Cain: The outlet maul: It’s about plugging in
By Cindy Wojdyla Cain On Businessfirstname.lastname@example.org March 29, 2013 11:42PM
A view of an outlet in the cafeteria in the campus center at Joliet Junior College Thursday, March 28, 2013, in Joliet. | Matthew Grotto~Sun-Times Media
Updated: May 1, 2013 3:26PM
Everywhere I go these days, I’m hunting for electrical outlets.
My new affliction is so bad, I was scouring my mother’s hospital room recently to see where I could plug in to do some work. The only plugs available were behind her bed, and they looked too high-tech.
I was afraid to plug in and short out her oxygen. My mom is OK, but my need for juice is getting worse.
When I’m working, I try to find a place close to my assignment to plug in, but it’s not always easy.
Recently, I had time to kill while fishermen hired by the Illinois Department of Natural Resources were harvesting Asian carp out of a Will County lake. It was cold out, and I wanted to get started on my story. I found a nice diner nearby that had Wi-Fi, but I didn’t see any outlets around so I had to pray my batteries lasted.
My iPad doesn’t suck much juice, but my smartphone’s battery always seems to be draining before my eyes. I have a gizmo that plugs into a cigarette lighter in a car and allows you to plug a real plug into the other end, so that helps. I also am acquiring a collection of plugs with USB connections. I have more wires in my car these days than a space shuttle.
Last week, I stumbled onto outlet heaven. The new Joliet Junior College Campus Center building, which opened in the summer of 2011, has a plethora of plugs. They’re along the walls in the main hallway, known as Student Street, and also located in large concrete columns in the cafeteria.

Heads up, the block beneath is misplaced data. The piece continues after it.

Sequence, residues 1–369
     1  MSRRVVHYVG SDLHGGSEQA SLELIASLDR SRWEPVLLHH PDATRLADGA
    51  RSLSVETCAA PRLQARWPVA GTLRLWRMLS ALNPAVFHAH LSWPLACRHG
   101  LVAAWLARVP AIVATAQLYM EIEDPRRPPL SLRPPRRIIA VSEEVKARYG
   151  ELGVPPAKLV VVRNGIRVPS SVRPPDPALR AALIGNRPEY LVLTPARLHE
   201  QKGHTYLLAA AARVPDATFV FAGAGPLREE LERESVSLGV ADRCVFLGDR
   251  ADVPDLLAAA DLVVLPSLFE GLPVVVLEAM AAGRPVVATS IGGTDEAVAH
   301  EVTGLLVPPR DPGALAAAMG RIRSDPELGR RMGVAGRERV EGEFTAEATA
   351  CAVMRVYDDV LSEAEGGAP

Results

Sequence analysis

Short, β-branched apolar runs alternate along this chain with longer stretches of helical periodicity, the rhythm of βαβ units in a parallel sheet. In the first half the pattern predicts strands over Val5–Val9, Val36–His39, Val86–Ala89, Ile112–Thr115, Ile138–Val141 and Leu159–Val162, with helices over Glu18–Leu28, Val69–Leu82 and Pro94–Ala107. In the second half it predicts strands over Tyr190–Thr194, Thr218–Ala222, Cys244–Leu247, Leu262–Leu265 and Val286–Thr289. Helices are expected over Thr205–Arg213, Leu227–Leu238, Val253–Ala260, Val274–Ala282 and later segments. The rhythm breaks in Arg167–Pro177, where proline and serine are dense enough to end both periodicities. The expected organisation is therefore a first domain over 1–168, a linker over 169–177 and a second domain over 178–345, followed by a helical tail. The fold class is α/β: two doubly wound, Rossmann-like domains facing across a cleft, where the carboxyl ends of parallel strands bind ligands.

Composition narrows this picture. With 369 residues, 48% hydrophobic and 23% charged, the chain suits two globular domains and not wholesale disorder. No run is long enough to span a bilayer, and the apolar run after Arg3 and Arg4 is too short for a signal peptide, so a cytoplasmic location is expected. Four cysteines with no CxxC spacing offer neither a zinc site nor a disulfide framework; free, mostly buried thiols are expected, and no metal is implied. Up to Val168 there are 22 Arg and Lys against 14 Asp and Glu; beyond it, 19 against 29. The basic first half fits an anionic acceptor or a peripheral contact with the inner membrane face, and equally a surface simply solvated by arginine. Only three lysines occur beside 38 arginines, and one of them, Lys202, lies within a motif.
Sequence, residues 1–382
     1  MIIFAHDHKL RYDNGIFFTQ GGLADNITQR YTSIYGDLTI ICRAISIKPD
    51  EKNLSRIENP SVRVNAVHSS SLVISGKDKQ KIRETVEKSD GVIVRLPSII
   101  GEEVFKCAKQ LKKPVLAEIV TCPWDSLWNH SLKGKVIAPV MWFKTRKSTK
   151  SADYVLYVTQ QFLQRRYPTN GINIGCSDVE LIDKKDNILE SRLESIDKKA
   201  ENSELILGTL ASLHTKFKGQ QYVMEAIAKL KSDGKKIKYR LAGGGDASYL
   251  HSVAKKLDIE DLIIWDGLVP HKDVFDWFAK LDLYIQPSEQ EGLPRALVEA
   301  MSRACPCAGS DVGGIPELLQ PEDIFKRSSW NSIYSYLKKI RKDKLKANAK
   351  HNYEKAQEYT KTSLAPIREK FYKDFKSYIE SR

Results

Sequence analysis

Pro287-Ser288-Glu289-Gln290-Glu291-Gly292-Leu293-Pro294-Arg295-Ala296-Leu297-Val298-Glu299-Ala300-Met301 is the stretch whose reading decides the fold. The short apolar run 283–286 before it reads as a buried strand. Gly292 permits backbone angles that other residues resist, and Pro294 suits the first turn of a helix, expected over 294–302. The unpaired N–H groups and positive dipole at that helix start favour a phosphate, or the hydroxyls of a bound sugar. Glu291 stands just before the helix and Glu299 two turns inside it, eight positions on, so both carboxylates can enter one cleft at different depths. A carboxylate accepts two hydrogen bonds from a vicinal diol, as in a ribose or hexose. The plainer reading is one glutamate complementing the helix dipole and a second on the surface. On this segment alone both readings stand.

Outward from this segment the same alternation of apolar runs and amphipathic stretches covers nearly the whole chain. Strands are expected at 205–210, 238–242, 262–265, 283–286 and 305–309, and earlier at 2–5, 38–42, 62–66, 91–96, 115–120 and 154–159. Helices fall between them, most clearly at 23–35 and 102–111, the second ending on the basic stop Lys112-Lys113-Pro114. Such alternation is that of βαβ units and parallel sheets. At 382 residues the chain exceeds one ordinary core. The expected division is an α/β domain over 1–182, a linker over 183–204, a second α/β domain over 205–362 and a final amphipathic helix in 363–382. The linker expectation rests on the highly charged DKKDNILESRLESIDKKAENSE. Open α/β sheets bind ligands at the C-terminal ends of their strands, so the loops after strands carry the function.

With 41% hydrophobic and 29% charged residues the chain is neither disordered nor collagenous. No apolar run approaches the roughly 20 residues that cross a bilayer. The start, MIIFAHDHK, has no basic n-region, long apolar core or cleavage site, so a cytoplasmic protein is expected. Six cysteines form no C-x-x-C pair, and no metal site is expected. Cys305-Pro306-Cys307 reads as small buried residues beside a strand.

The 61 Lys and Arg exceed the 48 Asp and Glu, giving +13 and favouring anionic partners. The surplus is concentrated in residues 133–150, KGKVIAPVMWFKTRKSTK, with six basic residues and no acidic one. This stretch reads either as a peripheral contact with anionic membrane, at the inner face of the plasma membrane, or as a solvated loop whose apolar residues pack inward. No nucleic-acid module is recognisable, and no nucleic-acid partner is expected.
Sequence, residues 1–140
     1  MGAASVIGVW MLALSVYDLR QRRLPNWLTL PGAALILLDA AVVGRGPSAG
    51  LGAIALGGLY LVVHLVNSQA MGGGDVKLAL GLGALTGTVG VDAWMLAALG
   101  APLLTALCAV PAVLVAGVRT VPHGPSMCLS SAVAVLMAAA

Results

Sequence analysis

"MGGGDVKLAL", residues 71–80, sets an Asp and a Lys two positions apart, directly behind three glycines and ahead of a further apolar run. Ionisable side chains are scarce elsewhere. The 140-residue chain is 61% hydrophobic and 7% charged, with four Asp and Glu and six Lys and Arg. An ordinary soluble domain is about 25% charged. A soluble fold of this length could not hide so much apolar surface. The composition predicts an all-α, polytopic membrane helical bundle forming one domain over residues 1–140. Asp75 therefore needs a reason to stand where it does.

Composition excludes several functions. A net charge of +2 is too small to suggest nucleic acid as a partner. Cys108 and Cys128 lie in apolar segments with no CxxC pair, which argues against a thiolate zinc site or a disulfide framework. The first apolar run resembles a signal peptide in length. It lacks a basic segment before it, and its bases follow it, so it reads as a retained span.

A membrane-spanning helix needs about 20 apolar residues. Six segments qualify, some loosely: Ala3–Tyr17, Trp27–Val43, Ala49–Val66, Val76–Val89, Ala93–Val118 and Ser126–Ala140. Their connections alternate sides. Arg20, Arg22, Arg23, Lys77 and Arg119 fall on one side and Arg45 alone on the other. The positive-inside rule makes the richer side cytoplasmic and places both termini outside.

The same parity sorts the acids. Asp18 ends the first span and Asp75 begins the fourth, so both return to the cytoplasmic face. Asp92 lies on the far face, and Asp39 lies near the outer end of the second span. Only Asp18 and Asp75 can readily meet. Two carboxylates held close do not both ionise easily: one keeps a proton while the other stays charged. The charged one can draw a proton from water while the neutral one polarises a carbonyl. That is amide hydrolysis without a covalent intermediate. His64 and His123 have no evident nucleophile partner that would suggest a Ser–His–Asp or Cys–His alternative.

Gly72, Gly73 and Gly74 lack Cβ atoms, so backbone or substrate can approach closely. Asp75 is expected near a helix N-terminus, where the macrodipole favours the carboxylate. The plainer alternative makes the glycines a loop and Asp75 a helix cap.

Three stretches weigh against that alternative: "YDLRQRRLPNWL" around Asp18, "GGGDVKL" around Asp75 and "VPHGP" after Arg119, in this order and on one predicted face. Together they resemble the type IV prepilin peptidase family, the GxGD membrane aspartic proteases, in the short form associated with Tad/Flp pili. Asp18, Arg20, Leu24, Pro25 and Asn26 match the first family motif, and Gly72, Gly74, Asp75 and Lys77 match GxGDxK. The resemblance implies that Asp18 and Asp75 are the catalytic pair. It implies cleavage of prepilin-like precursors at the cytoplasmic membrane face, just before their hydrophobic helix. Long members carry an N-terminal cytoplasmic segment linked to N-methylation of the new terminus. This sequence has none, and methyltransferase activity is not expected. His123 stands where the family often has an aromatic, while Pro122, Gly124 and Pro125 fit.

The library has tons of outlets, too. Extra outlets were planned to accommodate a technology-heavy generation, said Jeffrey Sronkoski, principal architect for Chicago-based Legat Architects, which designed the building.
Sronkoski has been in the biz 35 years and he runs his company’s higher education practice, so he’s seen buildings go from a few outlets to hundreds of outlets.
“Wherever we had an opportunity to put more outlets, we certainly tried to do that,” he said. “Learning happens everywhere, not just in the classroom. It happens in the spaces in between as well.”
It’s nice to know I’m not the only one looking for nooks and crannies that offer juice.
Last week, I happened to mention my dilemma to Rodney Tonelli — president at Ruettiger, Tonelli and Associates — and John Greuling, president and chief executive of the Will County Center for Economic Development. They felt my pain because both travel a lot. Tonelli said he remembers a time when plugs were scarce in airports.
“You’d be standing in a hallway because you found an outlet,” he said.
But now there are kiosks where you can charge your devices, he said.
Greuling said every time he works out at his gym, he sees an electrical cord coming out of a locker that is plugged into a nearby wall outlet. Apparently, some fellow exercise enthusiast is beefing up his battery as he buffs up his body.
So I’m not alone in my fear of dead batteries. Sronkoski said he keeps hearing that wearable technology will be the next wave in power-hungry devices. So far, I haven’t been issued any Google glasses or hats. But I’m sure that’s next.